Tokushima prefecture, home to 728,000 people and located on the island of Shikoku in southern Japan is not usually the first place that people rush to when travelling in Japan. Other well-known and easily accessible prefectures tend to be more popular due to their rail and road access.
Tokushima is definitely an off the beaten track destination and we were not surprised to discover that in a 2015 study, Tokushima prefecture was ranked as one of the least visited prefectures by foreign tourists.
After spending two weeks travelling around Tokushima in our camper van and a further 2 months living in a traditional Japanese house in southern Tokushima during the COVID-19 lockdown, we couldn’t help but fall in love with Tokushima’s stunning nature, jaw-dropping valleys, friendly and welcoming people and scrumptious food.
Here we will share our top experiences from Tokushima, one of Japan's hidden gems!
1. Food in Tokushima City
Tokushima city is home to the best food in the region including the famous Tokushima ramen which is an absolute must-try! We spent a day doing our own DIY food tour around Tokushima city and tried all the food which had been recommended to us by our viewers on YouTube!
Below is a list of the foods you can’t miss while in Tokushima City. We have made another detailed blog post about the food in Tokushima which you can find by clicking here.
- Tokushima Ramen
- Waterfall Rice Cake
- Naruto Kintoki Sweet Potato
- Fish Katsu
- Awa Odori Chicken
- Dekomawashi Skewer
Check out the video of our Tokushima food tour below!
2. The Iya Valley
The Iya Valley, a steep mountainous valley, is said to be one of the most secluded and remote areas in Japan. It became home to the Heike clan 900 years ago after they lost the Gempei war (1180-1185) and some descendents of the clan still reside in the area. The Iya Valley is located in Western Tokushima and is only accessible by narrow, winding roads which feel a world away from the busy city life found in other parts of Japan.
It’s easy to spend a few days exploring the area since there is an abundance of hiking, activities and onsen. We recommend having a vehicle to explore the region but there is public transport available for those who don’t drive or have access to a vehicle.
Click here to see a separate blog post we made listing our top things to enjoy while in the Iya Valley.
Check out the video below which we made in The Iya Valley!
3. Todoroki Waterfalls
Located in southern Tokushima, Todoroki waterfalls are a wonderful place to visit if you want to surround yourself with nature and appreciate the beauty of the earth. These crystal clear waterfalls are the largest in Shikoku and the name “todoroki” means “to roar” since the falls sound like they are roaring as the water is falling.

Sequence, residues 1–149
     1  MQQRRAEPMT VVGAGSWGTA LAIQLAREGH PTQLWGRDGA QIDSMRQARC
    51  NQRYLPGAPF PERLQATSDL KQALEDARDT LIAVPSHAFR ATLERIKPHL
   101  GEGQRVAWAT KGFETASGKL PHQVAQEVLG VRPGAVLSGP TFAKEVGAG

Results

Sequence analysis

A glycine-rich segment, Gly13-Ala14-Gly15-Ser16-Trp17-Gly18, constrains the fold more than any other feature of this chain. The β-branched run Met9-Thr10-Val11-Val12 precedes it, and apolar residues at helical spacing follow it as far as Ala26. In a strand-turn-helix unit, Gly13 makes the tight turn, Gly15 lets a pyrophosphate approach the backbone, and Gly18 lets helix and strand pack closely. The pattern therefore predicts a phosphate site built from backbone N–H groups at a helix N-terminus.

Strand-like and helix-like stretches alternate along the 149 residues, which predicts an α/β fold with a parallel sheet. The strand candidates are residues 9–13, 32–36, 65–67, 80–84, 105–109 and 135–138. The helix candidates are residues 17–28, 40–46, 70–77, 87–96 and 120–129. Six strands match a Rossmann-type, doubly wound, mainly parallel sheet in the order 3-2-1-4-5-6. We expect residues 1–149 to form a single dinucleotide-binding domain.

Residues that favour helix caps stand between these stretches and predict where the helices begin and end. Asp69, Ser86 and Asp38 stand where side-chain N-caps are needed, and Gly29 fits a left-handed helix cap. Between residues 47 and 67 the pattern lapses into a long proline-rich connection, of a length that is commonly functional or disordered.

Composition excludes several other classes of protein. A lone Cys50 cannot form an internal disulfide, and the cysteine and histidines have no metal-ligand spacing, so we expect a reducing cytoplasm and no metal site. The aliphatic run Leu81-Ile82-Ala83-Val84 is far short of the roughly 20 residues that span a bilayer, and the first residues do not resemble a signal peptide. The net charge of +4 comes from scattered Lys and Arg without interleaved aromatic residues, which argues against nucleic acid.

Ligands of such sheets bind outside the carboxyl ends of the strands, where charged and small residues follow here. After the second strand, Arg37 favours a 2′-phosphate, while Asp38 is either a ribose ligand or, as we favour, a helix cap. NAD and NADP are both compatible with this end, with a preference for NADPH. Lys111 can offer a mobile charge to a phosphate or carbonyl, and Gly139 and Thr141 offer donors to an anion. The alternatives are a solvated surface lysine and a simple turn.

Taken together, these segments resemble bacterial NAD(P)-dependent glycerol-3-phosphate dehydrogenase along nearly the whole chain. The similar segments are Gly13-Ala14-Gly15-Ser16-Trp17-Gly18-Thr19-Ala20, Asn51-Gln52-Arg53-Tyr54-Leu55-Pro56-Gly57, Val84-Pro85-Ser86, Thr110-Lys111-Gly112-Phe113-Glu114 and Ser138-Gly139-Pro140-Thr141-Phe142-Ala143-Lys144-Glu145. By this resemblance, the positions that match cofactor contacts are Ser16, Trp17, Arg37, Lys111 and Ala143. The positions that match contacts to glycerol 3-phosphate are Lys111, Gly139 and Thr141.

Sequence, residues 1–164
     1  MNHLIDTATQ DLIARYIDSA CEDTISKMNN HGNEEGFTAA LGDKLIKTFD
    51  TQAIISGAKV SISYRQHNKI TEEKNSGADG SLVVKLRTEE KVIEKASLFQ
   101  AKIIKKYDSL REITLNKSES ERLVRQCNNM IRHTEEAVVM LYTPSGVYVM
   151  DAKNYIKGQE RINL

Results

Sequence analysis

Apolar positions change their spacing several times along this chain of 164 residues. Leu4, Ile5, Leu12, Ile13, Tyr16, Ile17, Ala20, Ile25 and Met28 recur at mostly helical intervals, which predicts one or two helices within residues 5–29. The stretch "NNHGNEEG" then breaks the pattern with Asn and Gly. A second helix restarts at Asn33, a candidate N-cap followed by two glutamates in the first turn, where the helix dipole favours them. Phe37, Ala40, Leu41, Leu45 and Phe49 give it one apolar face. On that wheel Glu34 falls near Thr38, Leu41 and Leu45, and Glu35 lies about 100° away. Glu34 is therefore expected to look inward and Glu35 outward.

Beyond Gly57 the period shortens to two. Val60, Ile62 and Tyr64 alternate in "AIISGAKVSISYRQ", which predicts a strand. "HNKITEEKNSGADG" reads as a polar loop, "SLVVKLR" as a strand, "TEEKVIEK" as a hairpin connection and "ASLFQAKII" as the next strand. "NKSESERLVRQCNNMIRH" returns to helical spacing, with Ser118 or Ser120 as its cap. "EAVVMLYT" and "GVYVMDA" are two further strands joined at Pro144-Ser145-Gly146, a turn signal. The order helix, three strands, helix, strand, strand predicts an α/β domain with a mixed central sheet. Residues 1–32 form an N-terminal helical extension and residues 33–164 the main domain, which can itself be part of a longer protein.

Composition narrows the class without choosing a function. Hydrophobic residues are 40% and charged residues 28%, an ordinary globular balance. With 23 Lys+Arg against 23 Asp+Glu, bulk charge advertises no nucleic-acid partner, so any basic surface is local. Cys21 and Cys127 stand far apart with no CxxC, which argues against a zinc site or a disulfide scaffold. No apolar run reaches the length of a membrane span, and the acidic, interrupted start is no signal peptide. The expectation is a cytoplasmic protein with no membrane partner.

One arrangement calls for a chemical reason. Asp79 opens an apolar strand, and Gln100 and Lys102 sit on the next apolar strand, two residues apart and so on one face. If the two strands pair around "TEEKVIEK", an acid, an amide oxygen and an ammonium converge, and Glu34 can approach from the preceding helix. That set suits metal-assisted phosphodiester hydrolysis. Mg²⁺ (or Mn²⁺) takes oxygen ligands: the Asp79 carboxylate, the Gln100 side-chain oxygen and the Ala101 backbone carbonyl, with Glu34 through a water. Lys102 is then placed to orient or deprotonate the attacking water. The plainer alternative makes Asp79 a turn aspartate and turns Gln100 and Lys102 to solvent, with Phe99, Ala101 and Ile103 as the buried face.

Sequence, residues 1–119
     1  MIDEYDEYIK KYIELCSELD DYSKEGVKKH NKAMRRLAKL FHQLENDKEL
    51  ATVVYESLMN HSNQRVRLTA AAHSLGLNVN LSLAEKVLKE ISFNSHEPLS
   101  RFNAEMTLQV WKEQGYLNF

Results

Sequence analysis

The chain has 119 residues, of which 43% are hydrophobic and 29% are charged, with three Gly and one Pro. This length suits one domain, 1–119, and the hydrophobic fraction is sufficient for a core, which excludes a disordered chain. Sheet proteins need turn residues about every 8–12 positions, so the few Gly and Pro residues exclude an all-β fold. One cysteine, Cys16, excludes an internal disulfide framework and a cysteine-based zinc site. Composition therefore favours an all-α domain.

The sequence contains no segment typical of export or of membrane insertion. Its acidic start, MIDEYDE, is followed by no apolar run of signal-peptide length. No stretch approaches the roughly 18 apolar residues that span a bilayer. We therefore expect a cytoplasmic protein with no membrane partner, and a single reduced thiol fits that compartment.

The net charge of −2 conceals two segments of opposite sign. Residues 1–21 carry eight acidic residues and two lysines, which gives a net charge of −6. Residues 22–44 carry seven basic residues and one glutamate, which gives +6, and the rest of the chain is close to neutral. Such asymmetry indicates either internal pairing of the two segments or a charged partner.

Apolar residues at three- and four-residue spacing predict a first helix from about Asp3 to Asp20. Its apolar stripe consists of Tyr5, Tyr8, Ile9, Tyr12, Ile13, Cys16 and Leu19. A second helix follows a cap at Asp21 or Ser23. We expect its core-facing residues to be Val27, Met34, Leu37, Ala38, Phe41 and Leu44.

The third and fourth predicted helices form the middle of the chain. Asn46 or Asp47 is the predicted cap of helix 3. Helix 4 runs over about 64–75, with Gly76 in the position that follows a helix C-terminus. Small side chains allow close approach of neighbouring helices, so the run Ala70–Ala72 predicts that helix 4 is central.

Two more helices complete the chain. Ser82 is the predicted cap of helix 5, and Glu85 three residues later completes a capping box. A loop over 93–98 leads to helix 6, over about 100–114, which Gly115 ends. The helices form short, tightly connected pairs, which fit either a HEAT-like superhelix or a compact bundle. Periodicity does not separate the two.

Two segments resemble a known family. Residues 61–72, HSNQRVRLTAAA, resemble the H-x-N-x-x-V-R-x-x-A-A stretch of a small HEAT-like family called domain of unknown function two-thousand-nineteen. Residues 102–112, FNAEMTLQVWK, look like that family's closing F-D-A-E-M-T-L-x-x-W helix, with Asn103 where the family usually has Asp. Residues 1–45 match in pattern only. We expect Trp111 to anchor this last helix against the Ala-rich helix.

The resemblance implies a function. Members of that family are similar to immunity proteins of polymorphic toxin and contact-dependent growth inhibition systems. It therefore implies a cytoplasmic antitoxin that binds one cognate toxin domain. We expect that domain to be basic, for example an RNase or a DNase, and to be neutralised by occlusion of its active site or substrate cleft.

Todoroki Shrine and Ryuou-ji Temple can also be found here in addition to a beautiful uphill path which passes all the waterfalls and provides some fantastic photo opportunities. If you plan your visit in the morning between 10am and 12pm on a sunny day, you might even be lucky enough to see a rainbow appear inside some of the waterfalls.
We made a video at the beautiful Todoroki waterfalls which you can see below!
The southern coast of Tokushima is famous for its surf and is a popular weekend spot for surfers who visit from neighbouring prefectures. Stretching from Mugi in Tokushima to Ikumi in Kochi, this coastline offers some great beaches with world-class waves when the conditions are right.
There are surf shops dotted along this coastline where you can easily arrange a surf lesson (2 hour lesson for ¥5500) or board rental (¥3000 for 1 day). If you have never tried surfing before, this is your perfect opportunity.
5. Naruto Whirlpools
The Naruto whirlpools are an amazing natural phenomenon which you definitely should not miss if you visit Tokushima. The tides swirl at the surface of the water due to the special currents in this narrow strait of water between The Pacific Ocean and The Inland Sea of Japan.
It’s said that one of the three biggest tidal currents in the world exists here and it’s strongest when there is a full moon or new moon. The best way to view the whirlpools is to take a boat which departs based on the tide so you will need to check in advance what times the boats leave. The boats operate everyday and no reservations are required.
6. Udatsu Street
Udatsu street in Wakamachi, is a beautiful old Japanese street dating from the Edo period (1600 – 1868). Although it’s not very long, the photogenic street is lined with traditional Japanese shops and townhouses and is a nice place to spend a few hours walking around. During its peak in the Edo period, Udatsu street was famous for its indigo dying and home to wealthy merchants.
If you would like to try indigo dying yourself, there is still a small shop that offers workshops if you call ahead and book in advance. There is a small roadside station beside Udatsu street which has free parking.
7. Awa Odori Dance
If you search online about Tokushima prefecture, the Awa Odori dance festival is usually the first thing that pops up. This famous street festival is held every year in Tokushima city as part of August Obon week celebrations and attracts around 1.5 million visitors to the region.
For many of you who will be planning to visit Tokushima at other times of the year, there is a fantastic Awa Odori Dance museum in Tokushima City where you can learn more about the dance and they offer dance demonstrations all year long. The museum also has an excellent gift shop which has a wide range of souvenirs from Tokushima prefecture including snacks, indigo-dyed goods and pottery.